That’s pretty much how I saw it as well.
David Korn is uncharacteristically analytical:
The snap polls taken by networks immediately after the debate found a decisive edge for Kerry. Yet it’s doubtful the overall dynamics of the race were altered much. These 90 minutes, in a way, reinforced the fundamentals. Bush is the fellow with the uplifting themes: we’re fighting for freedom, democracy, and our own survival in Iraq against killers who want to shake our will; it’s tough work; the costs are indeed high; and I will be the strong and resolute leader who leads us to triumph. Kerry is the one with the sobering words: Iraq is a mess; we’re not any safer; we must change course; and I have a better plan. It’s inspiration (arguably misguided) versus critique (arguably not so inspiring). These are two rather distinct approaches, and they represent more of a psychological than an ideological split.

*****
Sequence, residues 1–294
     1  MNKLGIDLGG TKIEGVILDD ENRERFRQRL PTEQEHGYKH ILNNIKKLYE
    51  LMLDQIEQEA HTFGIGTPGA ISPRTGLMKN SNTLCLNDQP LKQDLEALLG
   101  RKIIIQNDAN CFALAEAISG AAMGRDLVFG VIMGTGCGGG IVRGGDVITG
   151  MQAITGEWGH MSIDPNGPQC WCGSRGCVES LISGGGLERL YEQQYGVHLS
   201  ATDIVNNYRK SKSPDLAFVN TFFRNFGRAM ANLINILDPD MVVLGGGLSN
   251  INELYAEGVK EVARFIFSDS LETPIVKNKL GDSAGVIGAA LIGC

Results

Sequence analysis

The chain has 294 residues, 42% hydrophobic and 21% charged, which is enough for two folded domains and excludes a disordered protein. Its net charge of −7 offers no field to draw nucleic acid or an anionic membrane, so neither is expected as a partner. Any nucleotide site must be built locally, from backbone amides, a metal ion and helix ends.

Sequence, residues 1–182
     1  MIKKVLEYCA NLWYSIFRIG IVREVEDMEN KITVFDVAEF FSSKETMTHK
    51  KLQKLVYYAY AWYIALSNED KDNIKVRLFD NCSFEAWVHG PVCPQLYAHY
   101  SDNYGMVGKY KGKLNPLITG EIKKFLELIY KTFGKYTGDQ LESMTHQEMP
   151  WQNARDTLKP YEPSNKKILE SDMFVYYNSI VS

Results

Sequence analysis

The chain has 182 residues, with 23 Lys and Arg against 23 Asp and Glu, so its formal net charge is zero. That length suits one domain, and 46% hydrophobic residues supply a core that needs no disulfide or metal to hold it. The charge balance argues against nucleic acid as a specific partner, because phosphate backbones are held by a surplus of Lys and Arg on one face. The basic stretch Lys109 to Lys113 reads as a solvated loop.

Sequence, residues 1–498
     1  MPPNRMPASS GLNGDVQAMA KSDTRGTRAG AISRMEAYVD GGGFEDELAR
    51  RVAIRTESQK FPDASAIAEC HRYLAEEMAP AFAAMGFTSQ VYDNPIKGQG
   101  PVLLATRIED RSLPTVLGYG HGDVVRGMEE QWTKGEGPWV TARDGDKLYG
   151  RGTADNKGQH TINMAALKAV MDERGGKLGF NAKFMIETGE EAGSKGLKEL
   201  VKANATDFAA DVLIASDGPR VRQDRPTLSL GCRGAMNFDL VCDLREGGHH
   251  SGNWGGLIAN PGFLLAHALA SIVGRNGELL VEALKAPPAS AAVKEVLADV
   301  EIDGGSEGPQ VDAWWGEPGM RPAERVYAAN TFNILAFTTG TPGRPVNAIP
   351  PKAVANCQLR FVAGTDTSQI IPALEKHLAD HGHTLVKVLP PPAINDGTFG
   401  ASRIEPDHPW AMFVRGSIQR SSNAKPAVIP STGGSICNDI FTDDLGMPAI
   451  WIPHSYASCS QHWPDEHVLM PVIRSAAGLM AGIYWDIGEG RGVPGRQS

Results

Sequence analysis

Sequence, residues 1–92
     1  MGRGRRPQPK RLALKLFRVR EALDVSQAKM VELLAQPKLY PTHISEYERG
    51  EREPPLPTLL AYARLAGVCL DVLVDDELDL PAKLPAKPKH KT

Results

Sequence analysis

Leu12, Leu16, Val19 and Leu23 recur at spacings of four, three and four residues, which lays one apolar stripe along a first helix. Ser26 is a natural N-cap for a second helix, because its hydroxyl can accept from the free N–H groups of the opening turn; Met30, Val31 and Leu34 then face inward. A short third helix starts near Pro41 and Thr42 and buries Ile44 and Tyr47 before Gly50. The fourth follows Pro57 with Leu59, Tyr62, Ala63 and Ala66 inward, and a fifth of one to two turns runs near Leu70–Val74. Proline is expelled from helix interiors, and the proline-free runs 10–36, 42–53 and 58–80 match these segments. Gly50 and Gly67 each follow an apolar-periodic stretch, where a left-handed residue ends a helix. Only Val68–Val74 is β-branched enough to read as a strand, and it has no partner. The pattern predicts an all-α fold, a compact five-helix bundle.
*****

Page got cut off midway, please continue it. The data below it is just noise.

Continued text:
Indeed. Bush would have blown Kerry away with that contrast had he delivered his lines as he is capable of doing. There was no need to ad-lib given the format.
Korn also saw a big sound byte:
When Kerry said that if an American president wants to launch a preemptive strike, “you have to do it in a way that passes the test, that passes the global test where your countrymen, your people fully understand why you’re doing what you’re doing and you can prove to the world that you did it for legitimate reasons,” Bush saw an opening. “I’m not exactly sure,” he said, “what you mean, ‘passes the global test,’ you take preemptive action is you pass a global test. My attitude is you take preemptive action in order to make this country secure.” Expect to see a Bush ad soon in which Kerry is mocked for believing the United States must “pass a test” before taking action to defend itself.